Hi folks. Complete the Papers Past survey to let us know what you’d like added over the next few years. ×
Article image
Article image
Article image
This article displays in one automatically-generated column. View the full page to see article in its original form.


IDECAUSE its inquiry has been comprehensive and thorough, and it' has obviously been animated by a desire to give a fair and patient hearing to all points of view on relevant matters, the Royal Commission on Licensing has already gained a high public prestige. It has aroused a confident expectation that its report, when drawn up, will be a social document of unusual importance. Without traversing the evidence already given, it can be said that the character of that evidence has strengthened the public desire and hope that the Commission, when it deliberates on its report, will be satisfied that it has neither neglected to enter nor been debarred from entering any relevant field of inquiry. The decision of the Court of Appeal, reported yesterday, temporarily makes that impossible. The Court has decided that the Commission's order of reference is not wide enough to enable it to ask witnesses certain questions concerning contributions to party funds or political candidates.

This decision demands the immediate attention of Parliament, which is or should be aware that when the present investigation was promised, by both parties, the clear impression made on the public mind was that no relevant questions would be excluded from it. As to the relevancy of these questions there will be no doubt. If it has happened that parties .or candidates in the past, or parties or members in the present Parliament, have received contributions from persons or companies connected with the licensed trade—which has not been proved, and now, under the Court's decision, can be neither proved nor" disproved—then such contributions were not made in the hope of inducing in their recipients. an attitude sympathetic to the State cultivation of. begonias. The decision, indeed, places Parliament in an invidious position, for it is to be expected that the Commission will make recommendations for legislative action of some kind, and the public ought to be able to feel, and Parliament would wish it to feel, perfect confidence that such recommendations will be treated purely on their merits. It is for Parliament now tb say that it did not intend the' Commission's inquiry to be limited, and to repair that defect in its order of reference which the Court has declared to exist.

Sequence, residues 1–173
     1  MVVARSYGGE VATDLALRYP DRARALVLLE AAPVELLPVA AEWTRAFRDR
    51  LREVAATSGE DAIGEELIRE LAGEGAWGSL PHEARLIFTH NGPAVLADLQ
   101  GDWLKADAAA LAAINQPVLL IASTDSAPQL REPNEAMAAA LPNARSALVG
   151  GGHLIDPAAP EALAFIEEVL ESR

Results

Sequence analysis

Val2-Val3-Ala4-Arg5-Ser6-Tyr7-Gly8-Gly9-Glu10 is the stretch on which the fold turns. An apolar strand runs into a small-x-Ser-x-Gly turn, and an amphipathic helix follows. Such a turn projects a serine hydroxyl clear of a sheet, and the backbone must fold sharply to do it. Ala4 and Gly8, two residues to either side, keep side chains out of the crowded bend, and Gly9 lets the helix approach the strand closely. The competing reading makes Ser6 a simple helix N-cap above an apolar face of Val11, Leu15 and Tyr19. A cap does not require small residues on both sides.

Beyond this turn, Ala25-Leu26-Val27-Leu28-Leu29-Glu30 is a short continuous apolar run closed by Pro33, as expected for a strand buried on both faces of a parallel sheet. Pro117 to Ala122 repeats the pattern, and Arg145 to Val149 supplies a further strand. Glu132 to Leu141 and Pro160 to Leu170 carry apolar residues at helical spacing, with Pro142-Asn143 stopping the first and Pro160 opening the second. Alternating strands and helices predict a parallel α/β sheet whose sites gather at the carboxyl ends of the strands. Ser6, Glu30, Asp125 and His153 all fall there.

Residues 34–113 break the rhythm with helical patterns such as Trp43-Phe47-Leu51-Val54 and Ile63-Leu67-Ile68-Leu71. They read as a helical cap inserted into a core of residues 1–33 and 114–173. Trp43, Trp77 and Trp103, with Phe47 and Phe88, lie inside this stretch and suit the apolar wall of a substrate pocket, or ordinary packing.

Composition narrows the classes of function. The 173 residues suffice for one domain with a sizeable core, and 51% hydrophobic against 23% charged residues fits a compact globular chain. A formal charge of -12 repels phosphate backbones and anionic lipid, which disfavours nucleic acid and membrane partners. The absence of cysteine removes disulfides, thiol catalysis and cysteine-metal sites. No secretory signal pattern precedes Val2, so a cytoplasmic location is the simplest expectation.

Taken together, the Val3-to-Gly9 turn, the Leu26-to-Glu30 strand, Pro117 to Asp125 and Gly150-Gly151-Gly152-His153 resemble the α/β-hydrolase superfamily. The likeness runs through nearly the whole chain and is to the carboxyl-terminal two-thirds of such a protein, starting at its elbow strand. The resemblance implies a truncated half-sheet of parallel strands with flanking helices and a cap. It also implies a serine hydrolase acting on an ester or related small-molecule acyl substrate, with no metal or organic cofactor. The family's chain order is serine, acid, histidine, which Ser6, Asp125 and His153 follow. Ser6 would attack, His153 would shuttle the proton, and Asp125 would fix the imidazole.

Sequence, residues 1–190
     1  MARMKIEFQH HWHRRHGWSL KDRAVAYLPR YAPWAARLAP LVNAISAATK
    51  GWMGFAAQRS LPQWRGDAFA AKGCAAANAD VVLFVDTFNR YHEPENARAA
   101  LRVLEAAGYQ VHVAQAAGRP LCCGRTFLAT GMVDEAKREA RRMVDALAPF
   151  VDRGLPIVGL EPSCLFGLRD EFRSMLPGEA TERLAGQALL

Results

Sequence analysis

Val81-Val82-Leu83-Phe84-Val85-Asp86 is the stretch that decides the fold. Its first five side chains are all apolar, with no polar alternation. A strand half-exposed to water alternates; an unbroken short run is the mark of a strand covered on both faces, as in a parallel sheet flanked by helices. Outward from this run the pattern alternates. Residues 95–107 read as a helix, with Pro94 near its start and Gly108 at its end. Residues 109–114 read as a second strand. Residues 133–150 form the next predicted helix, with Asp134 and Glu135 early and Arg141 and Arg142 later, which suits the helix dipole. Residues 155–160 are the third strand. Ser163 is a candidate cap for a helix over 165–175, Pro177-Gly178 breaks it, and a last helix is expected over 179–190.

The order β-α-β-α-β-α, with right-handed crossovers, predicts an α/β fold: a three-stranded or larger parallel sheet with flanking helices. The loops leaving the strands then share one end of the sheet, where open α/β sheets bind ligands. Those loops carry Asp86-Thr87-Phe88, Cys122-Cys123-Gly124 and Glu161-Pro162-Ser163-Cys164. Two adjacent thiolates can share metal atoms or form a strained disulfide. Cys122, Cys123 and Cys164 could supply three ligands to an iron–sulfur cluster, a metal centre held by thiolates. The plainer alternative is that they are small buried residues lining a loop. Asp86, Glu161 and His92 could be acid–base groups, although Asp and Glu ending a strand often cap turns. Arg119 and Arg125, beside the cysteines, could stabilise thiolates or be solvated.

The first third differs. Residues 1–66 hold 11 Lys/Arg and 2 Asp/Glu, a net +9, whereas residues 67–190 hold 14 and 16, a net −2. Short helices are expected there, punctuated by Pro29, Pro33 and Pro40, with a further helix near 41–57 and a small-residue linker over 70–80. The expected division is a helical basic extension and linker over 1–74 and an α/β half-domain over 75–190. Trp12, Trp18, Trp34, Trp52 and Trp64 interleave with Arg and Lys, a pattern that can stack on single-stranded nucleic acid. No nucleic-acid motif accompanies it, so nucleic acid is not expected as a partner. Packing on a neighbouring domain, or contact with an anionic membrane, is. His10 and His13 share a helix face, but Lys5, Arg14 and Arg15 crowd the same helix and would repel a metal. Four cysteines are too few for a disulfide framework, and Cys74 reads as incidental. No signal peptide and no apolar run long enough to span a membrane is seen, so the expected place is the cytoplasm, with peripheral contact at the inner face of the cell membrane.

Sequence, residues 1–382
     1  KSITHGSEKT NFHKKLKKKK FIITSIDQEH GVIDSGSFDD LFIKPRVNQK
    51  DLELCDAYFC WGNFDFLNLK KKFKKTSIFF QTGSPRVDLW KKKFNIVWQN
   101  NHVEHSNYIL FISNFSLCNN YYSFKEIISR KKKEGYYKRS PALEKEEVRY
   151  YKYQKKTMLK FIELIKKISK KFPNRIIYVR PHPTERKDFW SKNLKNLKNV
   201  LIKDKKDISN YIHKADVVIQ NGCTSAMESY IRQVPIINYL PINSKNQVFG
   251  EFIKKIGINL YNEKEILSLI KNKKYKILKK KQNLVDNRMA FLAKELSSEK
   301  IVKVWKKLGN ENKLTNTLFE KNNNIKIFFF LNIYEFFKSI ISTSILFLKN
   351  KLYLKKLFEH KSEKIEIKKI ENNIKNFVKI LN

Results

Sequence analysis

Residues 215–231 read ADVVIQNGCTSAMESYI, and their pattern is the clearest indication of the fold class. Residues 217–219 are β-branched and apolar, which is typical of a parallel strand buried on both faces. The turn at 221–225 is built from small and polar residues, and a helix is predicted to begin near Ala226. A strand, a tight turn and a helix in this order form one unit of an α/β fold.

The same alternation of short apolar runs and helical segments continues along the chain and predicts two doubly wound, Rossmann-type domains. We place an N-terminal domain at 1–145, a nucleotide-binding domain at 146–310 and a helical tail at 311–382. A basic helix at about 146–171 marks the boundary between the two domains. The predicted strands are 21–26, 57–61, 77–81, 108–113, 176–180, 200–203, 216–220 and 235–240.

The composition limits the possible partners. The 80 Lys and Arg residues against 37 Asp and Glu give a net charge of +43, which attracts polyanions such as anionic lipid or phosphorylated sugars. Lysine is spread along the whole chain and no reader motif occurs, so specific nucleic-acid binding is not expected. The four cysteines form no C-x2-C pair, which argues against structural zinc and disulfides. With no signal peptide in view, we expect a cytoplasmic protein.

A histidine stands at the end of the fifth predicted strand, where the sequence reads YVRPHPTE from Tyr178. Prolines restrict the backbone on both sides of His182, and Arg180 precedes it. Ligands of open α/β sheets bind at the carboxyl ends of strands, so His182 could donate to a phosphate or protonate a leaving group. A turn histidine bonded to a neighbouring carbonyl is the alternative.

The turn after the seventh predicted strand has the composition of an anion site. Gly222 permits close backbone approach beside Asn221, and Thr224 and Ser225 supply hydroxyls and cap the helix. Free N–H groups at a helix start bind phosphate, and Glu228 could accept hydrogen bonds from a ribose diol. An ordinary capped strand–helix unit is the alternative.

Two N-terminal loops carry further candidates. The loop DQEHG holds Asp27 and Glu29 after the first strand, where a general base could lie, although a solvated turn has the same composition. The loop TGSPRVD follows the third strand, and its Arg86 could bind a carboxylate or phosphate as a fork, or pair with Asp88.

This article text was automatically generated and may include errors. View the full page to see article in its original form.
Permanent link to this item


Bibliographic details

THE ROYAL COMMISSION, Auckland Star, Volume LXXVI, Issue 191, 14 August 1945

Word Count

THE ROYAL COMMISSION Auckland Star, Volume LXXVI, Issue 191, 14 August 1945

  1. New formats

    Papers Past now contains more than just newspapers. Use these links to navigate to other kinds of materials.

  2. Hierarchy

    These links will always show you how deep you are in the collection. Click them to get a broader view of the items you're currently viewing.

  3. Search

    Enter names, places, or other keywords that you're curious about here. We'll look for them in the fulltext of millions of articles.

  4. Search

    Browsed to an interesting page? Click here to search within the item you're currently viewing, or start a new search.

  5. Search facets

    Use these buttons to limit your searches to particular dates, titles, and more.

  6. View selection

    Switch between images of the original document and text transcriptions and outlines you can cut and paste.

  7. Tools

    Print, save, zoom in and more.

  8. Explore

    If you'd rather just browse through documents, click here to find titles and issues from particular dates and geographic regions.

  9. Need more help?

    The "Help" link will show you different tips for each page on the site, so click here often as you explore the site.